22.5.20

Light that gives life, hope, joy, renewal

Dawn makes me cry, the light falling 
over the fence, the same time as it rises
up the sky, spreading out wider, soon
in all directions, entering all places,
becoming one with everything, the sun

light that gives life, hope, joy, renewal

one with the earth it covers and fills —
and I think how I am empty, empty of 
purpose, of meaning, of reason to be.
Finally I realise: I am empty of you, now, 
always, no matter how many sunrises.


This is in the ‘elevensies’ form pioneered by Australian poet Kerri Shying, who hopes others will adopt it too. In her book Knitting Mangrove Roots, we’re told that it ‘was invented spontaneously in conversation between Kerri and Kit Kelen, who noticed that this was how things were tending for her, and that 'an eleven liner could become a respectable form in its own right: a form any poet might attempt. Five lines either side and the middle line’s the title, that’s all there is to it.’

Having some acquaintance with Kerri through poetry projects we’ve both been involved in, and having recently heard her read some elevensies at a Zoom event, I bought two recent books of hers which showcase the form — Elevensies and the afore-mentioned Knitting Mangrove Roots  — and she urged me to try the form myself. At first I thought I would need to ape both her personal poetic style and her unique way with titles, but then I realised I only needed the latter. I also chose to use longish lines as she often (but not always) does. Having given it a go, I now perceive that I could use much shorter lines and more conventional titles if I liked. I’ll probably give that a try too. However I love the idea of getting away from ‘conventional titles’ even so (grin). Btw no-one has said the poem should work in sequence if the title line were removed from the centre, but that's an additional rule I have made up for myself when working in this form.

Aug 30, 2020 Sharing at Writers Pantry #35 at Poets and Storytellers United. 


16 comments:

  1. I'll have to try this one out. If I manage it even half as well as you've done here, Rosemary, I'll consider it successful. The emptiness in the closing lines is palpable; We're kinda on the same wavelength this week.

    Salute!

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  2. I really like the Elevens format. I must try itout too...one day!

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  3. I love this form and really must have another go at it, Rosemary. I’ll keep it in mind this week. I have written a fair few poems about sunrise, but yours is so poignant and hopeful, and made me cry too. I love the way the light pervades the poem, starting by ‘falling over the fence’, so familiar and similar to the light that starts at the gate at the end of our garden.

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    1. I've written an elevensie for Tuesday poetics over at dVerse.

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  4. Oh those last two lines... that emptiness...beautifully expressed..but heartbreaking!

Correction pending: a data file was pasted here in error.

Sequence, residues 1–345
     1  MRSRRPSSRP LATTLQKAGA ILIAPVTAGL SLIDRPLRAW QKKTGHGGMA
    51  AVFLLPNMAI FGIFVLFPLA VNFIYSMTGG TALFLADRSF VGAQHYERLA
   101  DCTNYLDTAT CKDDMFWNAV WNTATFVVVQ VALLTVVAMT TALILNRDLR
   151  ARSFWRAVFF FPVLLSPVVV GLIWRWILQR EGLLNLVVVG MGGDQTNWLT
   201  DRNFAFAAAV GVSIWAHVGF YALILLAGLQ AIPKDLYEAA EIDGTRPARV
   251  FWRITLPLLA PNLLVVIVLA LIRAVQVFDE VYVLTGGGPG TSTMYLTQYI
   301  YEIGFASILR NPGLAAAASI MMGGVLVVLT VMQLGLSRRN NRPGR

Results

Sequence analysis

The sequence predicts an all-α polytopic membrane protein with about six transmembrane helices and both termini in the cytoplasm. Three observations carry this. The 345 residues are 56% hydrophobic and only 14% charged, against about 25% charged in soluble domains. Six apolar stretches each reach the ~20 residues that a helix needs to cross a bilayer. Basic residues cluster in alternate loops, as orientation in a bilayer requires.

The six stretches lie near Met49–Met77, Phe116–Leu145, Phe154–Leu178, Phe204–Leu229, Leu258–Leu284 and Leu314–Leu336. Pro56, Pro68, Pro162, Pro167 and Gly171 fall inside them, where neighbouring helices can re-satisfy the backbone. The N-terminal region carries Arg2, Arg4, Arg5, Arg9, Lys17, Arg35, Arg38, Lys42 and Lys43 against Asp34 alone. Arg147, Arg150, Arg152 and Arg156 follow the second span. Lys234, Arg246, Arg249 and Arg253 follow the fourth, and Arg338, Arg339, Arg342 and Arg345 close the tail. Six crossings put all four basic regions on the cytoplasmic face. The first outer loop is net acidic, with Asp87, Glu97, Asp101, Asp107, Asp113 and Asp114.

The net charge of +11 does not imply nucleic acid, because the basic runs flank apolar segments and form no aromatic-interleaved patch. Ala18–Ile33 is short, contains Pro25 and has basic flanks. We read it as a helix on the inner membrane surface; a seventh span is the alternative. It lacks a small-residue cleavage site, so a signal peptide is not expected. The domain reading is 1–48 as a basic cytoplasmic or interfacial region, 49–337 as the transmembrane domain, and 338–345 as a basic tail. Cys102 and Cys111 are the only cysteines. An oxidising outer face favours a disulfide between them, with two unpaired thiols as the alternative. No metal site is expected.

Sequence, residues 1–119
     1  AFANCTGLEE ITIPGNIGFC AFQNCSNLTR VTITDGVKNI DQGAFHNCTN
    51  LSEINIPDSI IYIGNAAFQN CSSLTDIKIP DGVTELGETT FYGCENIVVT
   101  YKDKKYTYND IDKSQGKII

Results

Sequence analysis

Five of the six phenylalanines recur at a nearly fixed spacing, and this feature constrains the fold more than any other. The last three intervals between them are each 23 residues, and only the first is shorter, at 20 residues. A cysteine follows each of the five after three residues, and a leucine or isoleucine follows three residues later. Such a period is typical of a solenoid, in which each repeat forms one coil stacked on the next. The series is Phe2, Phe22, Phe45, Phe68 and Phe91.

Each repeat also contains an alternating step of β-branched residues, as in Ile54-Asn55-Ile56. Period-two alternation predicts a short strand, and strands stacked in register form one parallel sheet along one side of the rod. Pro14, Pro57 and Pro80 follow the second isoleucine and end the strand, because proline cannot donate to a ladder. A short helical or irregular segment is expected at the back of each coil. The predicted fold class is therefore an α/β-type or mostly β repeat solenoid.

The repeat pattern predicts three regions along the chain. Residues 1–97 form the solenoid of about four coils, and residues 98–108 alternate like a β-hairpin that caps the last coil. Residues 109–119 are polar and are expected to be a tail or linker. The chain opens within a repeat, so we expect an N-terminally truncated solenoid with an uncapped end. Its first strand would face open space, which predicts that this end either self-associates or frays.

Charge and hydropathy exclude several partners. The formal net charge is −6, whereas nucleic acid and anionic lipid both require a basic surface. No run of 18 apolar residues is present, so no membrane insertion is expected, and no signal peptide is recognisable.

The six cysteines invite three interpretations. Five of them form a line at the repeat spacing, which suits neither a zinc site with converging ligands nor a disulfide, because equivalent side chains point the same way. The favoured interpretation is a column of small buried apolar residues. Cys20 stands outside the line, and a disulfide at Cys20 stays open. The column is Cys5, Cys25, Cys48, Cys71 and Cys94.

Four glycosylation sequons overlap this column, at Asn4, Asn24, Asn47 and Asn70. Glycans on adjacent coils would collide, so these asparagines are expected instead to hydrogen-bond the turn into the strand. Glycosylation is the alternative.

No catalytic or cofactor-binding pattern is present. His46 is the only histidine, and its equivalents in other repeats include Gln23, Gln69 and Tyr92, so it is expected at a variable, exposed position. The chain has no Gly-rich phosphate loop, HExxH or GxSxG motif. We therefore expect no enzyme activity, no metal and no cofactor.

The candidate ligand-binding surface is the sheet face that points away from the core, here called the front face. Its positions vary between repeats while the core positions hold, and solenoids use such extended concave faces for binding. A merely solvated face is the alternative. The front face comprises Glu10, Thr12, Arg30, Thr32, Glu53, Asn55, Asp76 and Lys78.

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  5. Oh how sad, the emptiness for loss and longing. Ah but the dawn comes again and again reminding us left behind to keep on going, remembering and giving thanks

    Happy Sunday Rosemary

    Much💝love

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  6. There is, indeed, an emptiness that nothing can fill...

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  7. The balance in this form really works with this poem. It gives me just the right place to breathe and the images/emotions are stunning.

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  8. I've read this a few times and enjoyed the different layers of understanding I've found in each re-read. Maybe it's my mood this morning, or maybe it's 2020, that has me thinking about the ways joy and sadness, dark and light, bounce around my days.

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  9. i have been saying to give a 'elevensies' a try but i haven't written one yet. it is a form i fell in love with immediately.
    the longing in the poem is so palpable.

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  10. I love structure very much, the balance of 5/1/5. I believe that I'll try it one of these days, probably soon.

    Your poem left my chest tight and my eyes shining. The first stanza is rich with imagery that pulled me right into the speaker's headspace. Then, we get to the end, and it's impossible not to share in the pain, in the longing, in the spilling of tears. This is what they mean when they say bittersweet--beautiful and heartbreaking.

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  11. This is moving and beautiful. Very sad to miss someone you loved so deeply You do have a reason to be. You beam sunshine on others through your writing ... on more people than you can imagine

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  12. I liked the turn on the last stanza...the sadness of a sunrise. Unexpected.

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  13. Reading this multiple times I wanted it to be as the title: "light that gives life, hope, joy, renewal" but it returns to sadness.
    There's nothing wrong with sadness in the context in our place in life.

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